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As the difference of the errors, to the dif

ference of the assumed numbers;
So is the least error, to the correction required

in the corresponding assumed number.

Ex. 1. Find the value of x in the equation x*=256. Taking the logarithms of both sides (log. x) xx=log. 256

Let x be supposed equal to 3.5, or 3.6.

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Then 0.09844 : 0.1::0.40556 : 0.4119, the correction. This added to 3.6, the second assumed number, makes the value of x=4.0119.

To correct this farther, suppose x=4.011, or 4.012.

By the first supposition.

By the second supposition. x=4.011, and log. x=0.60325 x=4.012, and log.x=0.60336

Multiplying by 4.011 Multiplying by 4.012

(log. x) xx=2.41963
log. 256=2.40824

(log.x) xx=2.42068 log. 256=2.40824

Error
+0.01139

Error +0.01244 Difference of the errors

0.00105 Then 0.00105 : 0.001::0.01139 : 0.011 very nearly.

Subtracting this correction from the first assumed number 4.011, we have the value of x=4, which satisfies the conditions of the proposed equation ; for 44=256.

2. Reduce the equation 4x'=100x3.

Ans. I=5.

3. Reduce the equation xt=9x.

64. The exponent of a power may be itself a power, as in the equation

a =b; where x is the exponent of the power m“, which is the exponent of the power am

Ex. 4. Find the value of x, in the equation 93 =1000.

log. 1000 3* x (log. 9)=log. 1000. Therefore 3*

= 3.14.

log. 9 Then as 3*=3.14. x(log. 3)=log. 3.14. Therefore x=

log. 3.14

=*991316=1.04.

log. 3 In cases like this, where the factors, divisors, &c. are logarithms, the calculation may be facilitated, by taking the logarithms of the logarithms. Thus the value of the fraction 1911is is most easily found, by subtracting the logarithm of the logarithm which constitutes the denominator, from the logarithm of that which forms the numerator. 5. Find the value of x, in the equation

ba' td

=m.

с

log. (con d)- log. b. Ans. x=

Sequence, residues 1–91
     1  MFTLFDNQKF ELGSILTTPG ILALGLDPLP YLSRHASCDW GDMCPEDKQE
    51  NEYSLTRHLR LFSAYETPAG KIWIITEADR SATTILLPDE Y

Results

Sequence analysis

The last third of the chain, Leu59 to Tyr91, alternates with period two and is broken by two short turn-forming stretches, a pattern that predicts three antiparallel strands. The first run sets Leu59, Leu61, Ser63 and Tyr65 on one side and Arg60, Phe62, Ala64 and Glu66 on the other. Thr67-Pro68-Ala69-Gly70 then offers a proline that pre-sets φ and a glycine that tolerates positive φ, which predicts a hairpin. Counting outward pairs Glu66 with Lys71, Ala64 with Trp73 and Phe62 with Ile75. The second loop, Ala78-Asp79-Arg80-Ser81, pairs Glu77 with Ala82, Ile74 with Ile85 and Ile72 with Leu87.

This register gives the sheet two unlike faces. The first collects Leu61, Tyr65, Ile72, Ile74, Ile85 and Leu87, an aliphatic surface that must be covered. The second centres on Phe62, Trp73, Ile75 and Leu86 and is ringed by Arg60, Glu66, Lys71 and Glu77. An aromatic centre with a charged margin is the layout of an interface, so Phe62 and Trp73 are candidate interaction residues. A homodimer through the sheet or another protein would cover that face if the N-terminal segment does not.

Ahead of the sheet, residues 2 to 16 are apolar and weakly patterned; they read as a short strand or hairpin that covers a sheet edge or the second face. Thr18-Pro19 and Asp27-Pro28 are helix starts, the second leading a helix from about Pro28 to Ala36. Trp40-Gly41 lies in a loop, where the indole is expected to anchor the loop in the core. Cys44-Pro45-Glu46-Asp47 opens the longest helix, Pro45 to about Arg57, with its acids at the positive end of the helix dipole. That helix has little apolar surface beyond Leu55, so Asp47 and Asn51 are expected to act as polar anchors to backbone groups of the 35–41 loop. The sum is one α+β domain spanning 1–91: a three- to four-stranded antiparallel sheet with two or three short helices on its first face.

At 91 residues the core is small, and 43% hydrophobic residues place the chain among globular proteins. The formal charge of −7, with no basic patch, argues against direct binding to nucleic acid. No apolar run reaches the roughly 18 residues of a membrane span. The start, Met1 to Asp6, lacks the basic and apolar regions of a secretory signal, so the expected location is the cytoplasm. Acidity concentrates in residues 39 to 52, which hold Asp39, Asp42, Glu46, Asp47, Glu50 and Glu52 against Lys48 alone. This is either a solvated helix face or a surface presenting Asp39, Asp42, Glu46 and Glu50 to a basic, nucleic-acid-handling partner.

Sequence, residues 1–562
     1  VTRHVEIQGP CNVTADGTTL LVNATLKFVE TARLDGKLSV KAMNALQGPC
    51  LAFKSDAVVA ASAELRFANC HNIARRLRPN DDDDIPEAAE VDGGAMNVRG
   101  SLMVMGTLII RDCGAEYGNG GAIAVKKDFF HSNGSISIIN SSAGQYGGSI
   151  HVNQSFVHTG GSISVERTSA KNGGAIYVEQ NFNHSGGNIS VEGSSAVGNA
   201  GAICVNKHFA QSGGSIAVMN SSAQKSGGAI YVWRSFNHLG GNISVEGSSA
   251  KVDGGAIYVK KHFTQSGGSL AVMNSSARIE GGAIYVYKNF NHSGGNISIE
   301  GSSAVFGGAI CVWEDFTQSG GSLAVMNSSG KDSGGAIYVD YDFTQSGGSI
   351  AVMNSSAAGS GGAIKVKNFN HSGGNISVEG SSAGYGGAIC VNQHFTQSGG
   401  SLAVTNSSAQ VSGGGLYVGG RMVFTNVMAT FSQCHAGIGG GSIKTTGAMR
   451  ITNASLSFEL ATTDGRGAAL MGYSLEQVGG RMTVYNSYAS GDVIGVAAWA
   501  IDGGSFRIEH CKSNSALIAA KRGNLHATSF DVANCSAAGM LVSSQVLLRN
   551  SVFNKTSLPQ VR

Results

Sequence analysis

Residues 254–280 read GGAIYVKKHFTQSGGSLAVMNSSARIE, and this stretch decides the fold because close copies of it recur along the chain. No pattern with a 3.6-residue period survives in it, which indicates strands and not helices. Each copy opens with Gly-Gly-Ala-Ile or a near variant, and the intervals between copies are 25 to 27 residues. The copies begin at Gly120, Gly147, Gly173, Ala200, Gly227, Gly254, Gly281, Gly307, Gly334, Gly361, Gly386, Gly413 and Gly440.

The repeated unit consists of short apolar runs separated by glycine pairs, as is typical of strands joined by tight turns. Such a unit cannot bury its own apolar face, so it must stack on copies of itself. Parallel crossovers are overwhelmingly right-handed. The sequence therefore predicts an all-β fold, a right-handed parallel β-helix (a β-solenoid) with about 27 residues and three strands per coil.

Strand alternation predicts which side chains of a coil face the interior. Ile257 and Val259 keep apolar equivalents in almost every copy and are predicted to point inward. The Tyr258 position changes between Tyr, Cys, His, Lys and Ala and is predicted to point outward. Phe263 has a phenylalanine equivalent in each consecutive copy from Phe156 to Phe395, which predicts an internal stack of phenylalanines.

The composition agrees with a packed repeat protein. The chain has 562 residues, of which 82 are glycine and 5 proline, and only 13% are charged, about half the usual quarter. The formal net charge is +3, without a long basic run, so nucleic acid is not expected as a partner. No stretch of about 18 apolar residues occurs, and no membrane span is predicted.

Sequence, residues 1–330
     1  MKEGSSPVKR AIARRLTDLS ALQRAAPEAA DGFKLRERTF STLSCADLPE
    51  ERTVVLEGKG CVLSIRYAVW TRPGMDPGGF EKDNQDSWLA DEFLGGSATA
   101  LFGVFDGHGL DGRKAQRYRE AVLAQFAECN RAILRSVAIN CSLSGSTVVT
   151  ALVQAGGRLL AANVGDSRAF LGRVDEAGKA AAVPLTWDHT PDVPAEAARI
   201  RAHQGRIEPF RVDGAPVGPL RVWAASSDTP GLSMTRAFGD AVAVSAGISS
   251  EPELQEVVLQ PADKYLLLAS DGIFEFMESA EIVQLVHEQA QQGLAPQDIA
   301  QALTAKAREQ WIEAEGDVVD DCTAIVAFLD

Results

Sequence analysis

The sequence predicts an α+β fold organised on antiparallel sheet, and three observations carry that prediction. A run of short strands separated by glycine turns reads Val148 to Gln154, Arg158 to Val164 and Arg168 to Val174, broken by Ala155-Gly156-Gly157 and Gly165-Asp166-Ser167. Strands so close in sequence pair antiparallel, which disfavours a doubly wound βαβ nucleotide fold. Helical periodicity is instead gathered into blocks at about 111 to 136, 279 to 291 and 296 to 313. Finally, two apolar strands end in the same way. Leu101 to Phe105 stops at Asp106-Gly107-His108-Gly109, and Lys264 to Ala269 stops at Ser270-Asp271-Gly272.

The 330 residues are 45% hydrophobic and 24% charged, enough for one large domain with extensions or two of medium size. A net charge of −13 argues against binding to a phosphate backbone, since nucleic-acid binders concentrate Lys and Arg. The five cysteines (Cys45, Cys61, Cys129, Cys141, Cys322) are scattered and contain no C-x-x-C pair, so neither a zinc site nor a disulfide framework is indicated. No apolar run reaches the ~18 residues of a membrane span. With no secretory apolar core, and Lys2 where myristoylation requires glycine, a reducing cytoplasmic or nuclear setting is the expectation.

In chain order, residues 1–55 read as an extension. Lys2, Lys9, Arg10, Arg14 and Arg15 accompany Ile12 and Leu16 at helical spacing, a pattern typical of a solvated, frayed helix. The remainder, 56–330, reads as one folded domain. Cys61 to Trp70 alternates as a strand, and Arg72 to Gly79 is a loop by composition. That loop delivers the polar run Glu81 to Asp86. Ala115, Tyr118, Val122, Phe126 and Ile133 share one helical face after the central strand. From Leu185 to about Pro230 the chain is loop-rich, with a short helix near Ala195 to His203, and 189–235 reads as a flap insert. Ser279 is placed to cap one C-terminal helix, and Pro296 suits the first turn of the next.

log. a.

6

42

SECTION IV. DIFFERENT SYSTEMS OF LOGARITHMS, AND COMPUTATION OF

THE TABLES. 65. For the common purposes of numerical computation, Briggs' system of logarithms has a decided advantage over every other. But the theory of logarithms is an important instrument of investigation, in the higher departments of mathematical science. In its numerous applications, there is frequent occasion to compare the common system with others ; especially with that which was adopted, by the celebrated inventor of logarithms, Lord Napier. In eonducting these investigations, it is often expedient to express the logarithm of a number, in the form of a series.

If a'=N, then x is the logarithm of N. (Art. 2.)

To find the value of x, in a series, let the quantities a and N be put into the form of a binomial, by making a=1+b, and N=1+n. Then (1+6)=1+n, and extracting the root y of both sides, we have

(1+b);=(1+n) By the binomial theorem

62

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= 1

+ y

&c. 2.3

As these expressions will be the same, whatever be the value of y, let y be taken indefinitely great ; then 2 and

1

y Y being indefinitely small, in comparison with the numbers - 1, -2, &c. with which they are connected, may be cancelled from the factors

(-)+()-()e. =1+-- ()+5) -36) c.

,&c.